masks

FORNEY, Texas — In cases where N95 face masks are not available or in short supply due to the novel coronavirus, or COVID-19, pandemic, some healthcare providers are beginning to turn to homemade, sewn face masks.

Two sisters, 11-year-old Piper and 7-year-old Brooklyn, of Forney, Texas, are doing their part to fill that void.

Both girls are learning remotely during a school district closure to help combat the spread of COVID-19. One of Piper's assignments during her at-home learning was to do something with the family that did not involve the use of technology.

"They see how much nurses and doctors are apart of our life because their baby sister has a kidney disease," Aerial Hunsaker, the children's mother, told inForney.com. "So, when they see an opportunity to give back, they jump at it."

The girls set their eyes on Medical City Dallas, where their sister is a frequent patient, and with a goal of sewing 60 face masks.

Hunsaker says the girls have been excited about hitting their goals and being able to help healthcare personnel, like they've helped their family.

"We hope that our masks will help people feel better and get over this virus," the girls said.

Hunsaker says the girls will continue to make face masks for other hospitals, home healthcare nurses or personnel, and anyone who may be able to benefit from them.

As for the at-home, remote learning, the girls have enjoyed doing their school work in their PJs and video conferencing with their fellow students.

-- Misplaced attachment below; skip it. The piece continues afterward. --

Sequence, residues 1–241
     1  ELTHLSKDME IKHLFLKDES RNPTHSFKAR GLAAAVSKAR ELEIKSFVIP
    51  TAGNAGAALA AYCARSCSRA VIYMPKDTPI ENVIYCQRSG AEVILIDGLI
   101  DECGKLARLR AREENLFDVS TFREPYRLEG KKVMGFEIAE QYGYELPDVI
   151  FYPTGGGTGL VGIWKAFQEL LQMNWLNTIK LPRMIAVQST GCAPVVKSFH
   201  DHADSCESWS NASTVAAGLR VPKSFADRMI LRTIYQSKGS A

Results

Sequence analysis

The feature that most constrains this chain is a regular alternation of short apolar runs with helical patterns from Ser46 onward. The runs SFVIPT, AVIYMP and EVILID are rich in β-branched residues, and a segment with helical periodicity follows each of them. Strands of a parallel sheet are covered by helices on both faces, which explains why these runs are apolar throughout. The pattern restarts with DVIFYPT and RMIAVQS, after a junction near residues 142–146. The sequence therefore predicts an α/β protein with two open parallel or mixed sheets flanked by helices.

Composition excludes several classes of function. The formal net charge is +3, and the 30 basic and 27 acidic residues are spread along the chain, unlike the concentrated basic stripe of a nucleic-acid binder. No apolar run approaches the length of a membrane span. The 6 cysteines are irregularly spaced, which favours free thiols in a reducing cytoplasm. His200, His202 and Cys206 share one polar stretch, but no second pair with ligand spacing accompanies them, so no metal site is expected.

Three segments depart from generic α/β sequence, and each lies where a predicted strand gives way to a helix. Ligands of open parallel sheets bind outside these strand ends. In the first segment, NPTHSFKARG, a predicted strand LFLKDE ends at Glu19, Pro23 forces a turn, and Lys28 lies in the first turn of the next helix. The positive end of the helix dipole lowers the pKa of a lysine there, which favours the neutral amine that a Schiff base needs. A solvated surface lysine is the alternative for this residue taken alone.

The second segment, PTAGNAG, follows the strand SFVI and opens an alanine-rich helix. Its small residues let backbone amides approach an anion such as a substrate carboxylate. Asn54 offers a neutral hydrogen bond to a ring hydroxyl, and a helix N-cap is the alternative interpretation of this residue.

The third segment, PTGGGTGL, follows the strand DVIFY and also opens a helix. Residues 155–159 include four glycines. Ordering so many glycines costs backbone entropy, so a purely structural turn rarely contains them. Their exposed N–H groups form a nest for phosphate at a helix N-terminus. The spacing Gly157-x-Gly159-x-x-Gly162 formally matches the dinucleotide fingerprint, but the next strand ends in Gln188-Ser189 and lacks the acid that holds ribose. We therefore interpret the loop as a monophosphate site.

The Centers for Disease Control and Prevention recommends healthcare personnel use of face masks with an N95 respirator to filter out most airborne particles however, at facilities at contingency or crisis capacity, measures, including the use of homemade face masks, are being considered. Those using homemade masks are also recommended to use a face shield, according to the CDC.

"Our girls have done an amazing job at staying positive through this whole new experience," Hunsaker said. "We know there are other kids doing amazing acts of kindness and we want them to know that it's being seen and it's appreciated."

The girls story is not unlike many being told across the world as governments, healthcare providers and facilities, and individuals are struggling to buy N95 respirator masks and other personal protective equipment (PPE).

At a time when global manufacturers, industrial and auto factories, and even local furniture begin re-tooling their equipment and training their employees to begin production of PPE and homemade masks — Piper and Brooklyn are doing their part.

Piper is a student at Forney Independent School District's Smith Intermediate and Brooklyn is a student at Crosby Elementary.

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